It is not just Stockman who has argued for tax increases, however. Roberts said last week "many of the president's advisers" are in "unhealthy competition" with the president's own economic program of tax cuts. Another Treasury official commented that it has "always been the way with Jim Baker," (Reagan's chief of staff James A. Baker, who is the main White House negotiator on the budget) to reach for political compromise rather than hold to supply-side principles.
Going public last November with his worries that "the administration might forget what it came here to do in the first place," Roberts described in a Fortune article the "tensions between traditionalists" at OMB and both supply-siders and monetarists.
Since Roberts left the administration, the charged atmosphere in inter-departmental economic policy meetings has dissipated, one official said. But the policy disagreements persist, at least at the lower levels, and so does some of the backbiting.
One Reagan aide remarked last week that it was difficult to see what the president gained from having Regan as Treasury secretary. Another official described Murray Weidenbaum, chairman of the Council of Economic Advisers, as a "diplomat" who "is wherever the wind blows," although, he added quickly, "that's not really fair; he's a nice guy to work with." A department spokesman, speaking for Regan, said Weidenbaum is a "learned man who does his homework."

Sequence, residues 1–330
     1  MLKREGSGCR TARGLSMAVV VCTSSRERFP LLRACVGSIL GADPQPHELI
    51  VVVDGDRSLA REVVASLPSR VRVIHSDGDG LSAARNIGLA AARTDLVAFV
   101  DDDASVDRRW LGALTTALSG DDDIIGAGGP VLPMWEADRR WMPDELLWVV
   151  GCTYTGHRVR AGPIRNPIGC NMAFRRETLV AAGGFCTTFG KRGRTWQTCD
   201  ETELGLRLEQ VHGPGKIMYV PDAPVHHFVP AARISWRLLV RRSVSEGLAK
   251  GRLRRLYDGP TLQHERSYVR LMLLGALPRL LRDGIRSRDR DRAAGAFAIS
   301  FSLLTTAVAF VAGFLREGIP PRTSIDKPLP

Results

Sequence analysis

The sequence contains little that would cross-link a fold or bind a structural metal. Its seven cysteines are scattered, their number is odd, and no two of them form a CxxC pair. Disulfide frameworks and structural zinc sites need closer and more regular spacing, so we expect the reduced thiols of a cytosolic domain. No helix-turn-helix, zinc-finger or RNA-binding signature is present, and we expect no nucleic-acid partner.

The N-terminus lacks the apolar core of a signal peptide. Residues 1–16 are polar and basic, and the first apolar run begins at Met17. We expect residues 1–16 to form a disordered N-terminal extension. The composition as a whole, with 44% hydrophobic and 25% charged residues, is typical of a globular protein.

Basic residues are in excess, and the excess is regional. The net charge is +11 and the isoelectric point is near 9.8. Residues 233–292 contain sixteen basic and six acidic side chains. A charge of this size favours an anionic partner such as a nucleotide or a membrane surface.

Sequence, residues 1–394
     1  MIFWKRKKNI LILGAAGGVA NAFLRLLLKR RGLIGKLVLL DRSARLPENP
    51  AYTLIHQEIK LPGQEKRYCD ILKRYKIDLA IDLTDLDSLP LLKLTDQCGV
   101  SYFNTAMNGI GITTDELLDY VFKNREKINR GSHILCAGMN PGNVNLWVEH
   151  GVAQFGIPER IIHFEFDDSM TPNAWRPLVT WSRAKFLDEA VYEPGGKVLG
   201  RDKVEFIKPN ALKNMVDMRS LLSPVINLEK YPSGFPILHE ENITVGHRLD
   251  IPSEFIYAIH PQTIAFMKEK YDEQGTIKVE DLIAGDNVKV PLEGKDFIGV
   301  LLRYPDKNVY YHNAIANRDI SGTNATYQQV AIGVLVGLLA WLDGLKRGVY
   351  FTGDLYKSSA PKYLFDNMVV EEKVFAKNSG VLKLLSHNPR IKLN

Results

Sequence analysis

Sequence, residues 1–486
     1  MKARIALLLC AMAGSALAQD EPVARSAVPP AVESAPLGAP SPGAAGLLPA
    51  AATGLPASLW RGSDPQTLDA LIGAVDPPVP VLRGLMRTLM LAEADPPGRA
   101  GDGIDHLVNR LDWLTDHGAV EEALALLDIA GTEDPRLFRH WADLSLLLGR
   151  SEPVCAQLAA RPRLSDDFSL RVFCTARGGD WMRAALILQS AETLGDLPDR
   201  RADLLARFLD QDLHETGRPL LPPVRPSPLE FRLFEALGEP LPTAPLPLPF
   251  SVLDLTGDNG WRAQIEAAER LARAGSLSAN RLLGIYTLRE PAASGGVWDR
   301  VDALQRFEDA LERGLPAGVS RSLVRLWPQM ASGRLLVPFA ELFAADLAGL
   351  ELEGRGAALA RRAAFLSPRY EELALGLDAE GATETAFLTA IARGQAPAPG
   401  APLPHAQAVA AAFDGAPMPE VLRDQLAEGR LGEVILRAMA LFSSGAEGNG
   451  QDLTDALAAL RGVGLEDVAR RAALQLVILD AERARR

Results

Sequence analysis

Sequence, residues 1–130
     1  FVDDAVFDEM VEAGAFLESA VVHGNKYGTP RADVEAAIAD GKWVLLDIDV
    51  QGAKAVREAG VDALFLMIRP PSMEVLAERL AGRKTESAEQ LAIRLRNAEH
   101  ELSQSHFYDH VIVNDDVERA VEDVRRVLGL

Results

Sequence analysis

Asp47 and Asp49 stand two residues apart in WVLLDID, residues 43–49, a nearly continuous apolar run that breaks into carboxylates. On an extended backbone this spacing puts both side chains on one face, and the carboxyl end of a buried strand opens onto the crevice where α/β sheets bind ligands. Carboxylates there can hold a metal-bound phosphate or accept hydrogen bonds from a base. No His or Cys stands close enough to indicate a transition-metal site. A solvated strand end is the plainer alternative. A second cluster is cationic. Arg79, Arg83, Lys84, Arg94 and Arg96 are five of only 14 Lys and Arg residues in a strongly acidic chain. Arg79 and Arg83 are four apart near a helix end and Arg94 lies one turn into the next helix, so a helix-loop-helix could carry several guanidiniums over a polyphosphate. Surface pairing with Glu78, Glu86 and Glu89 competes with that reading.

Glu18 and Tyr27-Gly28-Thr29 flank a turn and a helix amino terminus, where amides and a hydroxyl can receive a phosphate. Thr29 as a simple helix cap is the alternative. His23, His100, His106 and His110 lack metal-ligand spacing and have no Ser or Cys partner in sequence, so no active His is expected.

A different Treasury official has accused Stockman of inflating his estimates of this year's likely budget deficit to put pressure on Congress for a budget compromise--which could include tax increases. And Lawrence Kudlow, chief economist at OMB, was described as a "chameleon," who has modified his views to suit the moment, by an ex-OMB official who has now left the administration.
Such name-calling isn't unique to this administration. Despite these private comments, however, "there is really no conflict now" at the meetings of second-level economic officials, which Roberts used to attend, one Reagan aide said. This is because these officials "are not asked to resolve" the issues they discuss, but just to send up the differing opinions for resolution by the top tier, or economics "troika," consisting of Weidenbaum, Stockman and Regan, he explained.